God reveals both in history and in His revealed Word that he will provide for his children. They will not be forgotten. God does not forget that we are finite and creaturely. That we require daily provision for some of the most mundane things.

Some things I have learned about God's provision:
  1. God will provide, and he will provide exactly what you need, not what you think you need. In our case we need comfort and God promises he will provide that (2 Cor 7:6)
  2. He provides it daily. Sometimes minute by minute. All planning is not wrong, but when it comes to trying to bank up God's provision I think you'll find that your plans are thwarted. Why do you think the Israelites were unable to store up extra manna? God isn't against pantries, but he is against people trying to rely on themselves when he has explicitly told them to rely on him. My "Wednesday" is the issue I worry about when I don't have the faith to deal with today. When friends come over and our spirits are lifted the exact wrong thing to do would be to worry about how our spirits will be lifted in three days. God has enough strength to plan out three days from now, I don't nor am I supposed to. Take ever gift as it is given, when it is given.
  3. God's provision is sweet to the senses. Scripture writes that manna tasted like honey-cakes. God could have provided them a rice/bird-seed combo cracker that would have been gluten free and provided every necessary nutrient and tasted like cardboard, but he didn't. His provision tasted like the sweetest thing they had. If God is providing a moment of laughter or friendship then just go with it. Love it. Hold on to it as long as it is there. Don't feel guilty for being comforted.

Far from being done with learning about comfort I leave you all now. I've started a prayer journal. I got one of those fancy-schmancy moleskines from B&N and have been writing my prayer request on one side and God's provision on the other. God is good and he provides for his children.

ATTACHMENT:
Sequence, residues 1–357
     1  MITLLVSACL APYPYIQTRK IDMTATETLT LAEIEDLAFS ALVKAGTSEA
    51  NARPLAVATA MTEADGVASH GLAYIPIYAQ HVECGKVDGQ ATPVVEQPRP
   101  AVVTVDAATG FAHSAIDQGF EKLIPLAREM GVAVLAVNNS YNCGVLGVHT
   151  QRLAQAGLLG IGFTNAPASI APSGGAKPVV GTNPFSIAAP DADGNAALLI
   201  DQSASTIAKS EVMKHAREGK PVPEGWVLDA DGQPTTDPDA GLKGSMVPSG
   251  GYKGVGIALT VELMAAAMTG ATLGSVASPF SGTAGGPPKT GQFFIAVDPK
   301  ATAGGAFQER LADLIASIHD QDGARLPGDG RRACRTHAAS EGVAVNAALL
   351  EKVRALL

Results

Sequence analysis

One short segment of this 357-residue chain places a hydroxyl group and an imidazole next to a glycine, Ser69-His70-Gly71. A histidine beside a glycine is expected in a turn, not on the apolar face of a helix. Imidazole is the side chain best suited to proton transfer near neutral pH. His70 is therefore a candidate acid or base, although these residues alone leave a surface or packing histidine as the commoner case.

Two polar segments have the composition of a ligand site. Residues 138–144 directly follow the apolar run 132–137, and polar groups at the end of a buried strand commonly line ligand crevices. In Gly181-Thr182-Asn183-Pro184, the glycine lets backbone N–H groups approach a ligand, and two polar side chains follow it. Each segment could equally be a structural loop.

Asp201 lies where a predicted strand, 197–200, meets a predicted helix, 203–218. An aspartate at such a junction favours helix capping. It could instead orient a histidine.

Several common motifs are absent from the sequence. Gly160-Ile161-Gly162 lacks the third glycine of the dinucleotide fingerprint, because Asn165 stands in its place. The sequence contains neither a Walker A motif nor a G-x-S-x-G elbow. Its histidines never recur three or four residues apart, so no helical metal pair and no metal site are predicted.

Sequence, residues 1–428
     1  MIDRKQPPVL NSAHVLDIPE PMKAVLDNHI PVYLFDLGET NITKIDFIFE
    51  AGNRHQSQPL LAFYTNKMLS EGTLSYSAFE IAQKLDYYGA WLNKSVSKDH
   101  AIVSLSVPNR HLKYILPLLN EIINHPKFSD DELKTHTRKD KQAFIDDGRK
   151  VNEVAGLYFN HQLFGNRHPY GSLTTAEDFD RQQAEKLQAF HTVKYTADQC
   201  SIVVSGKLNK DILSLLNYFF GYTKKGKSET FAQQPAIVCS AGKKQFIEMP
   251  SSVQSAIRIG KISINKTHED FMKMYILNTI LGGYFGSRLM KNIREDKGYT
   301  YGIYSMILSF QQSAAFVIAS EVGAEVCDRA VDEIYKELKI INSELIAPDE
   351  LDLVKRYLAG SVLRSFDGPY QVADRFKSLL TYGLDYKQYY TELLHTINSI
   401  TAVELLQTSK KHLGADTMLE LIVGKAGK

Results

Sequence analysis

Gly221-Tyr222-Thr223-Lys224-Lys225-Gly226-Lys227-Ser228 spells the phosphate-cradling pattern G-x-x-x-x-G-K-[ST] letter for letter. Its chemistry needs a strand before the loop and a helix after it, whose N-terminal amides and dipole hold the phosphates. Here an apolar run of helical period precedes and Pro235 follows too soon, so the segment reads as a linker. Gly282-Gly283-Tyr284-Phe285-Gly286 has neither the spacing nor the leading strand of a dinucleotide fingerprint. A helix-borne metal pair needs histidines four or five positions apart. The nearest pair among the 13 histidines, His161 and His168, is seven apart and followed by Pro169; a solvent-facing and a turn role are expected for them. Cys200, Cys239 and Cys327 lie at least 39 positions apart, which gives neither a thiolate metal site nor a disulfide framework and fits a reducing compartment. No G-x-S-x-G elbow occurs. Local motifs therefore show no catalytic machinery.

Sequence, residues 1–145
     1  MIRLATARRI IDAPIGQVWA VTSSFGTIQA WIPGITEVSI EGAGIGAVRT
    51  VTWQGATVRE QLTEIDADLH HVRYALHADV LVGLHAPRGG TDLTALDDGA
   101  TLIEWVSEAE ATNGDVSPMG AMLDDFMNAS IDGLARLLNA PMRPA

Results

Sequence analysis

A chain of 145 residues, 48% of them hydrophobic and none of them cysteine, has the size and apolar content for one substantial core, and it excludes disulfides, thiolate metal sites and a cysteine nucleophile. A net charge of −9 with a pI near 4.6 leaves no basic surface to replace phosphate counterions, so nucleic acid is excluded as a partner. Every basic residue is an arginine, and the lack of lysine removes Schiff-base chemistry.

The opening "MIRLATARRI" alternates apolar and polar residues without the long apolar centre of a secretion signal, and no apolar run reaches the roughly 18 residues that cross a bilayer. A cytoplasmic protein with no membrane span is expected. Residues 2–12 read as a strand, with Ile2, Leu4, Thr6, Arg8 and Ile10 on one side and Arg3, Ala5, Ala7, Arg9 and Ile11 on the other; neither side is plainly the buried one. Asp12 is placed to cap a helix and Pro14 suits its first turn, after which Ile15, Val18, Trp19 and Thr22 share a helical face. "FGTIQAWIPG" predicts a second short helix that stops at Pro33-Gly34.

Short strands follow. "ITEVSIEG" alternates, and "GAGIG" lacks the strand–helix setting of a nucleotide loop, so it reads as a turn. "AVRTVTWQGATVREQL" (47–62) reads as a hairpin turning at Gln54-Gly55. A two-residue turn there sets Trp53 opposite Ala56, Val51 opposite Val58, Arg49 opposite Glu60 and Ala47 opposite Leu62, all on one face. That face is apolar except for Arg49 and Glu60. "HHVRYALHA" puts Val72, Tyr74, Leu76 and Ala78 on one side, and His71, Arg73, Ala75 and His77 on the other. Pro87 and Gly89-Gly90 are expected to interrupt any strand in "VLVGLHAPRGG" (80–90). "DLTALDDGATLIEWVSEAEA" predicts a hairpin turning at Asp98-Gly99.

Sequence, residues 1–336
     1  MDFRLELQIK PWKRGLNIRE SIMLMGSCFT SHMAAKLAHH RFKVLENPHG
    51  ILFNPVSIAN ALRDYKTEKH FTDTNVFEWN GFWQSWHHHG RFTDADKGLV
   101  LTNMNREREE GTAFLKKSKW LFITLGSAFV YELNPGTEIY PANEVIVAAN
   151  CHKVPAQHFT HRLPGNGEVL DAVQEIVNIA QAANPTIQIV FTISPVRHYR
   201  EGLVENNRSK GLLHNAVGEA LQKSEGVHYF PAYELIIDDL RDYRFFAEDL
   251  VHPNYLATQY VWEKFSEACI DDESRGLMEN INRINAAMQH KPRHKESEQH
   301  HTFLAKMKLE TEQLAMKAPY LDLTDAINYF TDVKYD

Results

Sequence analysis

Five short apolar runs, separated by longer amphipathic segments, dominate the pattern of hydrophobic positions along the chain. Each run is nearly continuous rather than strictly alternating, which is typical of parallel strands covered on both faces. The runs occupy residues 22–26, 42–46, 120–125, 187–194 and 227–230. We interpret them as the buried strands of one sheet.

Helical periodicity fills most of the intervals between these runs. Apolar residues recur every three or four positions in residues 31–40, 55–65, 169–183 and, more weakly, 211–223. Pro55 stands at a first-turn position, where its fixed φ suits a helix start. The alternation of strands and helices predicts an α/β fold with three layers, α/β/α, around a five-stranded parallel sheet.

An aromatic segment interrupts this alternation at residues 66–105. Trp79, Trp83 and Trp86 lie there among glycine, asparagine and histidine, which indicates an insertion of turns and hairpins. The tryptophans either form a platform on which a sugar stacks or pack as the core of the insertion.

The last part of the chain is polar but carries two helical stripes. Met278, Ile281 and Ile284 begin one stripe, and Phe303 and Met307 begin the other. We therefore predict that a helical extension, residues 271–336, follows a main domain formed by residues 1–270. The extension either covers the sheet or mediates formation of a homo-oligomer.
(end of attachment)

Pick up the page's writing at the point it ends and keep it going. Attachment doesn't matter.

Now to him who is able to do far more abundantly than all that we ask or think, according to the power at work within us, to him be glory in the church and in Christ Jesus throughout all generations, forever and ever. Amen. (Eph 3:20-21)

Wednesday, February 17, 2010

My prayer for my son

I wish I could write a poem, but I'm not a poet. I wish I could write a song, but I can't. What I feel right now is something that straight exposition cannot communicate. My heart aches, and I can't pen a reasonable-enough argument for it that you can't help but comprehend. This seems like something that only a song can communicate, so I will use someone else's.

Psalm 6

1 O LORD, do not rebuke me in Your anger,
Nor chasten me in Your wrath.
2Be gracious to me, O LORD, for I am pining away;
Heal me, O LORD, for my bones are dismayed.
3And my soul is greatly dismayed;
But You, O LORD--how long?
4Return, O LORD, rescue my soul;
Save me because of Your lovingkindness.
5For there is no mention of You in death;
In Sheol who will give You thanks?
6I am weary with my sighing;
Every night I make my bed swim,
I dissolve my couch with my tears.
7My eye has wasted away with grief;
It has become old because of all my adversaries.

I prayed verse 5 over and over again. I was on my knees while they were doing the C-Section. They offered to get me gowned up so I could be there, but I knew I had important work to do, work I could only do on my knees with my tears. I just wanted them to do their job while I did mine. I prayed: If he dies, who will praise you? Who will tell of your mighty deeds?

It seemed like a few minutes but it had actually been much longer. There is a peace that comes after a time. I think peace can either come through the belief that something good is going to happen or it can come from an exhausted submission. The latter is what I felt. I finished the 100th rendition of my prayer and then in my quiet misery, I softly spoke “I will. I will still praise you. No matter what.”